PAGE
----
Peter Massey discusses how you might reflect on your response to the COVID-19 outbreak and the lessons that you can learn from it.
You were focused at work, your people are great, customers are happy, your company wanted to have greater purpose. Everything was ticking along, slowly improving.
Bang – COVID crisis. Stuff you could never imagine. How little you’re spending; unemployment spikes to the moon; stock markets collapse faster than the 1930s; conservative governments become socialist overnight, supporting people and jobs. All your sites globally go down at the same time.
Amazing things get done in no time, breakthroughs; people are learning and experiencing new, sometimes amazing, things:
- Mercedes F1 team can redesign, prototype and get approval for a ventilator in 2 weeks.
- Website self-service functions you’ve been screaming for have magically jumped out of a 12-month queue in IT and been done in a week.
- The data protection policies required to allow working from home (WFH) got approved in an hour, despite years of discussion.
Suddenly lockdown means different is the new normal. More time at home or reduced numbers in the workplace. It allows you some things which are magical.
Time to talk, albeit from a distance. No commute, breakfast, lunch and dinner with the kids, family exercise time, time to cook something from scratch. Virtual pubs. Video with everything, if your bandwidth isn’t cracking up. And thinking time when you can focus.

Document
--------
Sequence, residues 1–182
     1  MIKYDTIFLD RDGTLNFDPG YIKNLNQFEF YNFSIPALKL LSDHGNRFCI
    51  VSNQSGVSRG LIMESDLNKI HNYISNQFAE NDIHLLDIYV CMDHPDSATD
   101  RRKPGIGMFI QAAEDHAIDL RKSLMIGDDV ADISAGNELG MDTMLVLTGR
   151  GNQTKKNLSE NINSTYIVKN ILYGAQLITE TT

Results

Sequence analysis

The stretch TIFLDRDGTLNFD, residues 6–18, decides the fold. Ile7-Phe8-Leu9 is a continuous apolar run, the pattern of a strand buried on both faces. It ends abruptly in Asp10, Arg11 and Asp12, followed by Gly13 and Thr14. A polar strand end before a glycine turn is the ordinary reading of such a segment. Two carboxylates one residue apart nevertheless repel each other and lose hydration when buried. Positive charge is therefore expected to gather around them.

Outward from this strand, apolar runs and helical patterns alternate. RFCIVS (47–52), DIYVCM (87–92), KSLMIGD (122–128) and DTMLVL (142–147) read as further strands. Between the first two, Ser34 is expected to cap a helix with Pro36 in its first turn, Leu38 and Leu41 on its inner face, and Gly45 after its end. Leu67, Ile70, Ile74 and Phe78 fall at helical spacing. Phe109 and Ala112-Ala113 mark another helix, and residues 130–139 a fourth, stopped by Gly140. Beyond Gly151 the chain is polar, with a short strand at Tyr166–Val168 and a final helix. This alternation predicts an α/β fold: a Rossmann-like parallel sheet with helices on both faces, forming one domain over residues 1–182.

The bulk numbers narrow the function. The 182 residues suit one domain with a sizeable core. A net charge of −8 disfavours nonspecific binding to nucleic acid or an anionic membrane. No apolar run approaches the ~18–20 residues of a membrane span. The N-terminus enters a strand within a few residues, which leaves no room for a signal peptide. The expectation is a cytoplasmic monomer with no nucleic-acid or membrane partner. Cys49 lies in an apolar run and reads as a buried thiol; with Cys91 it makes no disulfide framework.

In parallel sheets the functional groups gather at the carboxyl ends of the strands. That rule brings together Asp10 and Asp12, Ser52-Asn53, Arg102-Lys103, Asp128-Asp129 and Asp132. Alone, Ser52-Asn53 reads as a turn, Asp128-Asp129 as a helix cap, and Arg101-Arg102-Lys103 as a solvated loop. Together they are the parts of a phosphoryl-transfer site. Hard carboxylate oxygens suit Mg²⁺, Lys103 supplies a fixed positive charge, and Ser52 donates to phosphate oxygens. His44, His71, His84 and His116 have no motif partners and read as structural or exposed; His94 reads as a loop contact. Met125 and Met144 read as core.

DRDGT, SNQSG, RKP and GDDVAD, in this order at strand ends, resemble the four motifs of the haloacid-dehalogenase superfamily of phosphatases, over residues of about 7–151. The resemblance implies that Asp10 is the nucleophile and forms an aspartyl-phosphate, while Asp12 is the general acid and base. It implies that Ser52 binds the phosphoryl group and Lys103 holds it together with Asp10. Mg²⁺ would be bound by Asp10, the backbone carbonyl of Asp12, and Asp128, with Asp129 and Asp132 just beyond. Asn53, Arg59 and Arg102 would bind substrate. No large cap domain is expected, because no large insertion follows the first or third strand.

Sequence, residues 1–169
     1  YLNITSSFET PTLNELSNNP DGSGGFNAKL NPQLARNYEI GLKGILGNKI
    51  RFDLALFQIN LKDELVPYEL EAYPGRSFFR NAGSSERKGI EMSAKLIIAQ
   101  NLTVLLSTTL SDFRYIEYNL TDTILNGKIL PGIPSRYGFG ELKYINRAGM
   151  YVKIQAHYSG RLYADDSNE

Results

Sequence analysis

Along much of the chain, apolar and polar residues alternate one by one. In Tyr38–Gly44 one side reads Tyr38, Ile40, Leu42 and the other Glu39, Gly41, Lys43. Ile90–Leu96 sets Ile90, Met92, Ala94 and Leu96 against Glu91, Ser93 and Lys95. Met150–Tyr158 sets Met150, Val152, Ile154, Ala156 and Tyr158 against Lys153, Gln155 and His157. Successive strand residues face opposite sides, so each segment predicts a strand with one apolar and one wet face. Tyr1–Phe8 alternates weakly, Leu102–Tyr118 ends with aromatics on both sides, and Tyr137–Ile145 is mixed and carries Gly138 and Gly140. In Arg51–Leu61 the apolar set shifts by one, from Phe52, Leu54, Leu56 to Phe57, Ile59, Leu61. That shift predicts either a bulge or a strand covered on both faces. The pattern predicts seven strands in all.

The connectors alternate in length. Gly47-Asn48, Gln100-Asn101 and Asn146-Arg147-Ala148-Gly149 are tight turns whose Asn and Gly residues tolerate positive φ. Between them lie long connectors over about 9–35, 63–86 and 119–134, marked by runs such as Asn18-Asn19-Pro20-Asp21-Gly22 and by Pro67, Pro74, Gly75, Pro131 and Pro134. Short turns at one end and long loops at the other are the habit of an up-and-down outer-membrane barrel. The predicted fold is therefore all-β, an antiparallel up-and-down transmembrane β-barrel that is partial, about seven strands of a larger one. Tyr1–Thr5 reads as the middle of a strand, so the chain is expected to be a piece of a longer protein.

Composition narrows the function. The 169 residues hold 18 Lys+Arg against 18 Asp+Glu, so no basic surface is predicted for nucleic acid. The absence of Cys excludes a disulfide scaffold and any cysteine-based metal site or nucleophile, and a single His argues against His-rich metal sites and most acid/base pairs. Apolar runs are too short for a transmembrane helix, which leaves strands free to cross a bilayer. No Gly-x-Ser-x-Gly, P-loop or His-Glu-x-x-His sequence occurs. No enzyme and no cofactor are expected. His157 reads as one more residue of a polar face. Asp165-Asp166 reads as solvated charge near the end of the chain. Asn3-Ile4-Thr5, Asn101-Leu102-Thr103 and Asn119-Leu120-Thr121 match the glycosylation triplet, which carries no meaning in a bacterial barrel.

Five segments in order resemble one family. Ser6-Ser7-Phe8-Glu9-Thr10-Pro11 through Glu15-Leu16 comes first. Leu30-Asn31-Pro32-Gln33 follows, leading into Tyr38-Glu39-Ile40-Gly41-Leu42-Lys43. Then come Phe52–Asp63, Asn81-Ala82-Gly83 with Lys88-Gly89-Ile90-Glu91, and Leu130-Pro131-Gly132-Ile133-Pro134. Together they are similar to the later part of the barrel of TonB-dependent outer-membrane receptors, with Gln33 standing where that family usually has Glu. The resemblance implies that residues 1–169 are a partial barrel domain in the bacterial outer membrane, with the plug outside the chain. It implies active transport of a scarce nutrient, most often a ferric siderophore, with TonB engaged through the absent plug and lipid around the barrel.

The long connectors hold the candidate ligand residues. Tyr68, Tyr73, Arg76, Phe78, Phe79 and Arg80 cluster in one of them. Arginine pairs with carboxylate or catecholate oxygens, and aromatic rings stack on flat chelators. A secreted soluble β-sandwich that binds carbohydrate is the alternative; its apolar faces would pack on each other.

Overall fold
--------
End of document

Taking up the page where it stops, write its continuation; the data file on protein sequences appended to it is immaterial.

Shock frees the mind to think differently. To focus on what’s good, to miss what was taken for granted but now gone. To think the unthinkable is possible.
Should We Fit Back Into Old Routines?
We are all looking forward to, one day, getting back to normal. The “phew!” moment. The hugs. The laughs. The kiss on the cheek, the shake of the hand. The sociability we’d taken for granted.
But wait. Was normal at work that great? What? Remember that your people will be reviewing normal after the crisis with the hindsight of a changed society and time. Normal wasn’t that good at work for all your people.
So now is a big chance to not waste the new behaviours people are learning and experiencing to make a better normal, to reset your business’s normal. A “new normal”. To take note of what’s good – really learn and take note and reuse, redesign and reinforce.
And above all? Above all, to keep slaying the dumb things. At speed. In the way they were allowed to when there was a crisis. To be treated and trusted as adults in their work. To be allowed to get on with stuff. To demand help when they need it. And don’t you dare forget who was important when the chips were down.
So, to Prevent an Auto-Shift Back Into the Old Normal. Imagine if…
It’s over. You cracked it. You smashed it.
NOT that feeling of… you were well meaning but busy-ness stepped right back in. Old normal reasserted itself. The corporate amoeba breeding everywhere.
Breakthroughs maintained. Working practices changed. Operating models reset. Decision-making snip snap. The stretch in thinking and in acting is as fast as in crisis mode. “Day One”, as Jeff Bezos calls it at Amazon. Every day is day one.
Opportunity knocked and you took it. Never waste a good crisis and you didn’t.
How Did You Do That?
So what had been your success factors?
“The team that learns together sticks together,” according to Peter Senge in his seminal book The Fifth Discipline.
So, do three things.
1. Your own daily reflection diaries – Capture what you’re learning as you learn it.
Reflection is the process which creates neural pathways and retains deeper understanding.